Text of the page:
Yeah, What the Seattle Times Said

It used to be that I loved to go to the ocean just to walk along the beach, to simply enjoy the rhythmic sound of the water lapping the shores. That’s changed since I’ve taken up bird watching. Though I still enjoy the sound and smell of the ocean, I seek out places where there is a rich ecosystem, where you can find birds, mammals, and sea creatures.

It seems ironic that old Forts, symbols of man at his most destructive, should now provide some of the best places (at least in Washington State) to see nature as it once was. Ft. Flagler beaches, at least those bordering Townsend Bay, are great places to see a variety of birds, as noted in the Seattle Times article entitled “Shorebirds star at Fort Flagler State Park”

Although a spotting scope or, at the very least, a good set of binoculars are necessary to see some of the wildlife, you can see a variety of birds just by paying attention while you’re walking the beach. This Red-Necked Grebe, starting to change into its breeding colors, was diving further out than the more common Horned Grebes.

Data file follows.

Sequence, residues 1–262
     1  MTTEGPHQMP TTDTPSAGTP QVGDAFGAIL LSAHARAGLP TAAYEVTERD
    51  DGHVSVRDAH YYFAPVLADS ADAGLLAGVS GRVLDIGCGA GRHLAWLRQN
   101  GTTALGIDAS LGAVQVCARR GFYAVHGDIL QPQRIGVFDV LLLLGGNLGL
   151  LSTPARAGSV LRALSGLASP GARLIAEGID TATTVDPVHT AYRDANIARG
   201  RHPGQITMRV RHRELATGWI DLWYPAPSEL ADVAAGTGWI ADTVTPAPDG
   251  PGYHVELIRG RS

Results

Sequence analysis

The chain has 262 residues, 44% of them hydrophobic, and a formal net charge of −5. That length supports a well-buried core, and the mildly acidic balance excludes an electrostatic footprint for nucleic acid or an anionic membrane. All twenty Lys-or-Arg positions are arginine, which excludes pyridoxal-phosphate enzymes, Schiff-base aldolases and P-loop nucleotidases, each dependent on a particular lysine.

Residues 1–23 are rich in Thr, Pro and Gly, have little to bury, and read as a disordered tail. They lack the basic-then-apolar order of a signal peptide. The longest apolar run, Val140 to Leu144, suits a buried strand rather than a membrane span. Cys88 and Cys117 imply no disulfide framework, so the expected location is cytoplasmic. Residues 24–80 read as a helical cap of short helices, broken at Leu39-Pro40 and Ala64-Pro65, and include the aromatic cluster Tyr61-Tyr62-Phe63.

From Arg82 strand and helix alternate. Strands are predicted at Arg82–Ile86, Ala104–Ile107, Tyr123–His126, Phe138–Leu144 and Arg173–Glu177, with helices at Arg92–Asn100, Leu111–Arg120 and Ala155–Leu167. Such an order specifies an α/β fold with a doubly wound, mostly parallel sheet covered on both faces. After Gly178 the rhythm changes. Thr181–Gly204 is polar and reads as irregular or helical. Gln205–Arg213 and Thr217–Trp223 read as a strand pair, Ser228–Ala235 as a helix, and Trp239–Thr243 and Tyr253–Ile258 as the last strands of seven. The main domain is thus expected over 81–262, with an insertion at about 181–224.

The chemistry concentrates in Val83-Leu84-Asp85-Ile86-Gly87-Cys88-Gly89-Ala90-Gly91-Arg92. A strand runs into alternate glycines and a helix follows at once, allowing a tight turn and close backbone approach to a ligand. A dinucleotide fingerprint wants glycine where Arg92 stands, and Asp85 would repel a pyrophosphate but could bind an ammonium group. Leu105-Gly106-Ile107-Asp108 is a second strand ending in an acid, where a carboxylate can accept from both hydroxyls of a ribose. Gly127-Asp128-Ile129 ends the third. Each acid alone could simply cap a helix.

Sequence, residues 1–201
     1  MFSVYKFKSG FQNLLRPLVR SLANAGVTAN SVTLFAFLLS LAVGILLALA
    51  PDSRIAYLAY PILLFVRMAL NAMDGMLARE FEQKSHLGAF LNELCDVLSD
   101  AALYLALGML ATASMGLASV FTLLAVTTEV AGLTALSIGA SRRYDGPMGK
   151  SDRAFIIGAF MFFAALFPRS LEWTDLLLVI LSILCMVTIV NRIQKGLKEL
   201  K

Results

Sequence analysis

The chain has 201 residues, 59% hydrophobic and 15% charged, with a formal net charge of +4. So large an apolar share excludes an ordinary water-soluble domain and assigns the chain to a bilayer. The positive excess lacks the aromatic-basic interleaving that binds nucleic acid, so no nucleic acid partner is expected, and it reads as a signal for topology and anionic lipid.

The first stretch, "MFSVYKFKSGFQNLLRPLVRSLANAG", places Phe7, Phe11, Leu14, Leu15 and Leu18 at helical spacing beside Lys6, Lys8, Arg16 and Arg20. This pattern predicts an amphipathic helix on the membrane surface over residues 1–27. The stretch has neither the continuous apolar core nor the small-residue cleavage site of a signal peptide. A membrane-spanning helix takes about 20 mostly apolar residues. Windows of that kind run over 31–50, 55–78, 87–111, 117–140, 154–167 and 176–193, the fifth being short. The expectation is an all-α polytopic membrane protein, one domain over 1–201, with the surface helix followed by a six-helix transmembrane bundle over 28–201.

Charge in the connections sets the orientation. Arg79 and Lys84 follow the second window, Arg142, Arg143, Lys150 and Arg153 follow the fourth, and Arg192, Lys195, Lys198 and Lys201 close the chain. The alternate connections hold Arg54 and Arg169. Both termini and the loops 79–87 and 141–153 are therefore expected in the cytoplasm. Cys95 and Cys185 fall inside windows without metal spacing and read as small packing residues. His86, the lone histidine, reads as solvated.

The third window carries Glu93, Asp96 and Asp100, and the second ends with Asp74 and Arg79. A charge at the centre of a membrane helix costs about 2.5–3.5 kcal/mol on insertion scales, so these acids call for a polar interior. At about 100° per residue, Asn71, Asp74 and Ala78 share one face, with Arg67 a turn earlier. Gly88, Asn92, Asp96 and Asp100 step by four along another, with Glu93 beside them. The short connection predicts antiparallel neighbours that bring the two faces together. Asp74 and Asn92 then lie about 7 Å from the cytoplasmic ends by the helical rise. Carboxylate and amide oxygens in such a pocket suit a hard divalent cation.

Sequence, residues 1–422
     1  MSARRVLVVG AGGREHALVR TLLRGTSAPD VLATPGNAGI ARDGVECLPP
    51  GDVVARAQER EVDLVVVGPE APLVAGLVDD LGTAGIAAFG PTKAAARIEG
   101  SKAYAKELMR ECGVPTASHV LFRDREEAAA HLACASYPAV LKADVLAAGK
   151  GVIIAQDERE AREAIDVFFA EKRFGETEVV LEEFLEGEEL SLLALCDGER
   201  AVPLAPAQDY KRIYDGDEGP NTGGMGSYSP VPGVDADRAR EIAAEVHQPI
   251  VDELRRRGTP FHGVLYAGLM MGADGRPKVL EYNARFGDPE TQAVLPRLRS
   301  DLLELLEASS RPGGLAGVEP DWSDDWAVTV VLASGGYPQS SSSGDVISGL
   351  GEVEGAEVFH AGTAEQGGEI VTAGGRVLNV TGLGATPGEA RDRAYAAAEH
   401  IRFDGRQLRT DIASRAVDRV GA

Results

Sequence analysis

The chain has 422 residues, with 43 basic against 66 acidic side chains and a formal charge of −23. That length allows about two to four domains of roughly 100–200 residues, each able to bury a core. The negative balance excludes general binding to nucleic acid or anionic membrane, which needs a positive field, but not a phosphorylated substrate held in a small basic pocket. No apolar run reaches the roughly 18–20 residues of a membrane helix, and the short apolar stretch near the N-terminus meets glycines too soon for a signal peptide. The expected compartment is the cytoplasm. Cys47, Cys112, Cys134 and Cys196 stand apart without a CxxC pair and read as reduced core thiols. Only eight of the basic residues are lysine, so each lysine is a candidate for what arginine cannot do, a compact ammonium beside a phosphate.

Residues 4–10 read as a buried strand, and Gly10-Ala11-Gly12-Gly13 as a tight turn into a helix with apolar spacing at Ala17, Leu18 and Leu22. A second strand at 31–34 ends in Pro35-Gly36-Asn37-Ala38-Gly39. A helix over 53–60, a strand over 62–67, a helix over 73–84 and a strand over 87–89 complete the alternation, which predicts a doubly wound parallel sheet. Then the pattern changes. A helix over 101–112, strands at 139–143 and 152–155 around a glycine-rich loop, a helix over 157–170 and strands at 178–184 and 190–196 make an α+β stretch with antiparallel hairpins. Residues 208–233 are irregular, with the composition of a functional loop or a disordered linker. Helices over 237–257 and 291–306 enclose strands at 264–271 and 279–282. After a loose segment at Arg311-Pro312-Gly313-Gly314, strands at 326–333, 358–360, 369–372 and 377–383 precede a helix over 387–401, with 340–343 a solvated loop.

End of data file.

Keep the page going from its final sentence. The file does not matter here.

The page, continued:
Although this Common Loon was photographed in a nearby harbor,


there were several loons further out at Ft. Flagler.

Ft Flagler is also one of the few places where I consistently find Brandt,


a type of goose I didn’t know existed until I started visiting the Olympic Peninsula.

Even on this trip I photographed a lot of birds I haven’t shown because they’ve been featured in shots taken closer to home, like Horned Grebe and Bufflehead, to name a few.